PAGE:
The radical shift by Fairfax Media to a digital-first model must be accompanied by a sharp improvement in the quality of journalism on its websites if the paywall plan is to succeed, media analysts agree.
The country’s oldest media business announced yesterday it would move to a metered-subscription model similar to the one used by The New York Times website, which grants viewers a limited amount of free access before requiring them to pay depending on how much content they view.
The Times has enjoyed early success with the model, which has been in place for more than a year. But the website embraces a more dry approach to news - and a closer relationship to its parent newspaper - than either of the two most popular Fairfax websites, for The Sydney Morning Herald and The Age.
Former Ikon Communications partner turned Spinach Digital General Manager Ben Willee said margins for online advertising would continue to languish well below those for print and TV for the foreseeable future, so it was crucial that Fairfax offered readers quality news worth paying to read.
“The thing they need to do, and do fast, is to get Joe Public to understand that their 10-year free trial is now over,” Mr Willee said. “That’s a tough thing to do. The good news is that News Ltd is doing it at the same time, so consumers have to recognise that if they want half-decent, well-researched journalism, then they’re going to have to pay for it.”
Mr Willee said the main problem stemmed from Fairfax’s decision in the mid-90s to carve off Fairfax Digital as a separate entity and allow it to evolve on its own. “Right from the outset, Fairfax Digital was its own thing, and it generated traffic at all costs, and stepped away from Fairfax’s core values by running tabloid articles about Britney Spears and so on in a desperate attempt to drive traffic. So of course people were less likely to pay for that content, because they perceived it as less quality.
"The biggest issue we have is that there are very few companies globally that have got the mix right - what is the right price and what will people pay for regularly and how do you deliver it to consumers in a way they want? Getting it right is tricky, especially in Australia where we’ve seen that the willingness to pay for online news is low.”
Although advertising continues to migrate online at a rapid pace, competition from internet companies is so intense that in the US last year newspapers lost $10 in print advertising revenue for every $1 they gained online. Revenue from advertising in news websites flattened and fell in 2008 and 2009, and has increased at only a modest pace since then.
By the end of this year, more money will be spent on advertising online in Australia than in newspapers, Aegis Media, run by influential media buyer Harold Mitchell, predicts. And by 2015, 31.2% of all advertising dollars - about $15 billion - will be spent online. Just 22% will be spent on newspapers.
Arguably the greatest challenge for media businesses is to compete with companies such as Google and Facebook for the extra dollars. The Mail Online, the free internet arm of Britain’s successful tabloid The Daily Mail, is the most visited news website in the world, and brought in US $25 million last year, but is not yet profitable.
Media analyst Steve Allen from Fusion Strategy said The Sydney Morning Herald and The Age had no choice but to promote a similar face online to the more serious image reflected in their broadsheet versions.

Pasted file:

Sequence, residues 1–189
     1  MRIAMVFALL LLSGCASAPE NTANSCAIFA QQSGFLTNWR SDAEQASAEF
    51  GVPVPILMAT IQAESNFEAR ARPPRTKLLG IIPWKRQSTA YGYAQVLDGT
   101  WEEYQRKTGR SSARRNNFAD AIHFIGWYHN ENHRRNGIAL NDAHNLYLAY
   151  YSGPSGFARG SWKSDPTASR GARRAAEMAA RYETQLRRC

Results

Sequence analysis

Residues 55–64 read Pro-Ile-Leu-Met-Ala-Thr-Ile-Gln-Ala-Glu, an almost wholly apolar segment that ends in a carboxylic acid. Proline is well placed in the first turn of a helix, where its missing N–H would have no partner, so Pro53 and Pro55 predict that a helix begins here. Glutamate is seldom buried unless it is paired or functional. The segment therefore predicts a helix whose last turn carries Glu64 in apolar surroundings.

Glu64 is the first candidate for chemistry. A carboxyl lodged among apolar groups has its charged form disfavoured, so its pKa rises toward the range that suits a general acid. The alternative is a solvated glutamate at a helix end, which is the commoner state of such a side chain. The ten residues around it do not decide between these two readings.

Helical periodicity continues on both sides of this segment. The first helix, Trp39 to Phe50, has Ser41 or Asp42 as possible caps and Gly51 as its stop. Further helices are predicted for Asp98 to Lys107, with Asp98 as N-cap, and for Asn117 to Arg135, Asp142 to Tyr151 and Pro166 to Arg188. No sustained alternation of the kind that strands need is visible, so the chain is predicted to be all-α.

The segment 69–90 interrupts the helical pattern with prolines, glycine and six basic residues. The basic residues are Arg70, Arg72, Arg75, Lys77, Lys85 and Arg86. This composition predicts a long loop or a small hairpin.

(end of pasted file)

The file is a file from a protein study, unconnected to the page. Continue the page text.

“If Fairfax is going to continue to migrate people, then that’s what it will have to do,” he said. “In order to encourage people to subscribe, they’re going to put the major stories online first. So our expectation is that there’s going to be a lift in journalistic story-telling on the web.
"We all know there’s stacks of free, populist stuff on the internet. But people know it’s not reliable. Those mastheads - The Sydney Morning Herald and The Age - for them to survive, they must be true to what consumers see as their value: in-depth investigation, reliable news.”
Quality journalism could not be supported for free, he said. So the move by Fairfax, although dramatic, was justified by circumstances. “They’re biting the bullet and saying that the audience might be a darn sight smaller, but we’re going to have two revenue streams from now on. One from people paying for content and another from advertisers. Advertising cannot support the infrastructure necessary for high-quality journalism. It may some time in the future, but not in the next five to 10 years. So the content has to.”
Some analysts were less enthusiastic about yesterday’s announcement. Andrew Anagnostellis at Deutsche Bank said that to create a sustainable business model, Fairfax had to halt the relentless decline in group revenues while moving to an unproven digital revenue model. “In this tough environment and given the time needed to implement the strategy, we believe the risk profile of the group remains elevated,” he said.
Mr Anagnostellis said Deutsche’s unchanged 67-cents-a-share target was based on a “nil value for the metro print business.” Digital revenue would need to grow by 16% from 2013 to 2015 to offset the estimated 8% decline in print revenue, he said.
Mr Willee predicted it would take Fairfax at least five years to refine its paywall model, and to change the behaviour of consumers. Where the company would most likely enjoy success was with the tablet format. “Consumers are conditioned in the tablet form to making micro-payments: games, music, movies, those sorts of things. On computers they’re conditioned to getting things for free.”